The epic C.S. Lewis series of fantasy novels was inspired by a real Catholic saint, famed mystic and stigmatic Saint Lucy of Narnia.
While the fantastical land of magic, talking animals and mythological creatures is fictional, Narnia isn’t. Narnia is actually a small town near the exact center of Italy, from which Saint Lucy of Narnia hails.
Lucy Brocadelli was a Dominican lay tertiary born December 13th, 1476. A pious child, she had her first vision at the age of 5 and by 12 made a private vow of chastity, determined to become a Dominican nun.
When her father suddenly died a year later, put in the care of her uncle, she was betrothed to Count Pietro di Alessio of Milan. She felt that her vow made the marriage an impossibility. She had a vision of the Virgin Mary, Saint Dominic, and Saint Catherine of Siena telling her to have a Josephite marriage and that her vow would not be violated.
As a countess, she became renowned for her life of prayer and charity towards the poor, giving away clothing and food she would cook herself. Eventually, her draw towards religious life grew unbearable and she became a Dominican tertiary.
She later became the prioress of a convent and received the stigmata, before her successor had her locked up for the next 40 some years until the end of her life in 1544. Her body was deemed incorrupt, and she was beatified by Pope Clement XI in 1710.
The saint’s story became the inspiration for C. S. Lewis, naming his fictional land after her hometown. Walter Hooper, Lewi’s personal secretary and biographer confirms as much.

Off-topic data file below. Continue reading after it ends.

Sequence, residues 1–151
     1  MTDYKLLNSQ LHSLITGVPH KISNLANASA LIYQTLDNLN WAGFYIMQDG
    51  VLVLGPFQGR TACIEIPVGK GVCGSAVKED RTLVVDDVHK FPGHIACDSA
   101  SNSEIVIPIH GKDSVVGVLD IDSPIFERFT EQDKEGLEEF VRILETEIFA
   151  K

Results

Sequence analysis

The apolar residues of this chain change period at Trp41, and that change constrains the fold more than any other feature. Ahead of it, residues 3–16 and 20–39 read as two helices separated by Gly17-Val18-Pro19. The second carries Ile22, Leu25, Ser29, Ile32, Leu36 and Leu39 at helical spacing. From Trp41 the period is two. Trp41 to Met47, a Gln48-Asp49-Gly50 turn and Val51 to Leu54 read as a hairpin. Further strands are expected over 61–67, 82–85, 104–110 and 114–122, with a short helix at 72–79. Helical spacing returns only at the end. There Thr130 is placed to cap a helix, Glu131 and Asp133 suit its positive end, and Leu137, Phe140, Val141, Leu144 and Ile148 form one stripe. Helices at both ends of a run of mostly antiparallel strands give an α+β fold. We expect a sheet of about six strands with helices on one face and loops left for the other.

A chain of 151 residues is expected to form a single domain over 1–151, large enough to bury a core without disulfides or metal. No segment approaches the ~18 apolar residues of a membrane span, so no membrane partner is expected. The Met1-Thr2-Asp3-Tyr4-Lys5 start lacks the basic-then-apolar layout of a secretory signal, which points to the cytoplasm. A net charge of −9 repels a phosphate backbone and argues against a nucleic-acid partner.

“When Walter Hooper asked C.S. Lewis where he found the word ‘Narnia’, Lewis showed him Murray’s Small Classical Atlas. On plate 8 of the Atlas is a map of ancient Italy. Lewis had underscored the name of a little town called Narnia, simply because he liked the sound of it.”
Giuseppe Fortunati, Narnia’s local historian, said C.S Lewis could have chosen the name because “Narnia means ‘water that flows’ – water is the source of life.”
When asked if principle character Lucy Pevensie was named after Saint Lucy of Narnia, Hooper confirmed the stigmatic as Lewis’ inspiration.
“After years of study it seems to me that Lewis’s character, Lucy, bears such a very strong resemblance to your saint – the inner light of Faith, the extraordinary perseverance – I don’t think the naming of his finest character Lucy can be other than intentional. I think Blessed Lucy of Narnia has furnished the world with one of the most loved, and spiritually mature characters in English fiction. And if I’m wrong? Well, let me put it this way. My guess is that when we get to Heaven we will be met by C.S.Lewis in the company of Blessed Lucy of Narnia. What will they say to us? Will they reveal whether Lewis based his Lucy on your saint? I think Blessed Lucy of Narnia and C.S.Lewis will laugh. Then Blessed Lucy will say, ‘We will tell you about that later. Other more important things come first. Jack Lewis are here to conduct you into the presence of our Host. After that we can talk about all the things on your mind. But not just yet.”